The Word of God & God’s Purpose

May 26, 2015

My Word… will achieve the purpose for which I sent it.” (Isaiah 55:11)

In a marvelous chapter taken from the prophesy of the one called “The prince of the prophets,” Isaiah tells us why he preached the Word of God.  Earlier in this chapter he proclaimed that there is as much difference between the way we think and act and how God thinks and acts as the heavens are high above the earth.  He tells us he preached the Word of God because God’s Word can bring about an alignment between the way God thinks and acts and the way people think and act.

There is a strong emphasis in Scriptures on the importance of our will being in alignment with the will of God.  Jesus made his greatest prayer when He sweat drops of blood and prayed, “Not My will but Your will be done.” He taught His disciples and us to pray, “Your will be done in earth (or in their earthen vessels), as it is in heaven.”

The Word of God frequently describes the struggle between God and men like Moses, Job, Jonah, and many others who finally submit their will to the will of God  – and the will of God is done in and through them on earth as it is in heaven.  When God declares through Isaiah that His Word will not return to Him without accomplishing the purpose for which He sent it, I am convinced that this is the purpose God had in mind.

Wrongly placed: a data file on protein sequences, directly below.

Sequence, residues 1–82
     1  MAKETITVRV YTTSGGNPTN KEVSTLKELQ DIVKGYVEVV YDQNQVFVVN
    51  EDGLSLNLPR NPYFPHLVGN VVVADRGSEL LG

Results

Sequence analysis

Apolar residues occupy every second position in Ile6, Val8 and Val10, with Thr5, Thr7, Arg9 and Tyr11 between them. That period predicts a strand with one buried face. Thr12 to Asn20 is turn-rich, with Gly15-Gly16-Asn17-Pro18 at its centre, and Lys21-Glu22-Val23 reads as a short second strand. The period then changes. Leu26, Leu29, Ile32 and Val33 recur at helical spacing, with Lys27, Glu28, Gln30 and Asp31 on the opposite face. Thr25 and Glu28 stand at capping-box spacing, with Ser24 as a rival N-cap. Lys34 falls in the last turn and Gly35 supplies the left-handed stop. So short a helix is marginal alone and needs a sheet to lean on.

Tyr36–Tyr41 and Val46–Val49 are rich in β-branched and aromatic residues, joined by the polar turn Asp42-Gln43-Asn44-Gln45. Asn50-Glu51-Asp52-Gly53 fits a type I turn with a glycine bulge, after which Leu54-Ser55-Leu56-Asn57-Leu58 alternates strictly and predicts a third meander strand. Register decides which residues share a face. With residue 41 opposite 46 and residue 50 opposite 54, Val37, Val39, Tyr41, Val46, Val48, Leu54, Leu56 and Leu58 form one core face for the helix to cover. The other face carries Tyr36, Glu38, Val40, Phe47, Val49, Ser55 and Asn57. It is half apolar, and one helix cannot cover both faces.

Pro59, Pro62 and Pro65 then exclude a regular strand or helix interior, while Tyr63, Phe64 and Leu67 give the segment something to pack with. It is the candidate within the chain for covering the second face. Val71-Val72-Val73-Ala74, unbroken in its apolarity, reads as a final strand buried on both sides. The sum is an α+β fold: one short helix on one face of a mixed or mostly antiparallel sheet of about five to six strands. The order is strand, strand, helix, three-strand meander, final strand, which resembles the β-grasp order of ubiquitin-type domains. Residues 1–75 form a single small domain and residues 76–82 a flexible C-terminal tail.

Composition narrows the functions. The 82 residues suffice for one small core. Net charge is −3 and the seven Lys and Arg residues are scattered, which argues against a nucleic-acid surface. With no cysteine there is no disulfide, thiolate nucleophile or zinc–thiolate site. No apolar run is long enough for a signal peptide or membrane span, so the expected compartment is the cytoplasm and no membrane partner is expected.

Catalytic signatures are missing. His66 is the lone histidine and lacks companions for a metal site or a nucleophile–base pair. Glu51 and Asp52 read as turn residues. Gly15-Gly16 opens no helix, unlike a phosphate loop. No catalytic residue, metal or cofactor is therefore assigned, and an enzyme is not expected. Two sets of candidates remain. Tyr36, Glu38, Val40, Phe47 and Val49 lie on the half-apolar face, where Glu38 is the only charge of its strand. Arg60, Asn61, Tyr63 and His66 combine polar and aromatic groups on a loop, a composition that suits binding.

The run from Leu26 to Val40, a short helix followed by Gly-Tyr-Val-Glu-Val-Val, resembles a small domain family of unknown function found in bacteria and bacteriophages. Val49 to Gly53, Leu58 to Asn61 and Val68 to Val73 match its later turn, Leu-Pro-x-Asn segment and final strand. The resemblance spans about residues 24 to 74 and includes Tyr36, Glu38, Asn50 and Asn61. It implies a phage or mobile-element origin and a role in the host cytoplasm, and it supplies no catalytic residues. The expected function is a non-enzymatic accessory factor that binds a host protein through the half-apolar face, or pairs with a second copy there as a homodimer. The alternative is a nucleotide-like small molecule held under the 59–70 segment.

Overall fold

When you read, study and hear the Word of God proclaimed, will you let God accomplish this purpose for the Word of God?  Will you let the Word of God bring about an alignment between your will and the will of God?

Dick Woodward, 28 September 2010


A Prescription for Learning the Word of God

July 20, 2012

“… that He might make you know that man shall not live by bread alone; but man lives by every word that proceeds from the mouth of the Lord.”   (Deuteronomy 8:3)

These words are taken from one of the great sermons Moses preached after the children of Israel were delivered from Egypt just before they invaded the land of Canaan.  They had wandered in a terrible wilderness for 40 years in which they suffered every imaginable hardship.  In this sermon God tells them through Moses that He was using all that suffering to make them know every word that He has ever spoken.

By devotional and personal application we can realize that this is one of the ways we learn the Word of God today.  God is our Mentor and He does His most effective mentoring when we are in difficult places.  While facing crises and challenges that overwhelm us God makes us know His Word.  Every adversity God permits or directs into our lives is redemptive and is an opportunity for us to let God make us know His Word.

God is fiercely committed to the proposition that we are going to grow spiritually into perfection or completeness and maturity.  The first chapter of the letter of James informs us that God’s trials should not be treated like intruders but welcomed as friends because they are sent from God.  He does this because He wants us to be perfect or complete and lacking nothing.  Jesus told us to be perfect even as our Heavenly Father is perfect (Matthew 5:48).

So when those tough times come sit up and pay attention.  God has come to the front of the classroom and He is about to teach us His Word.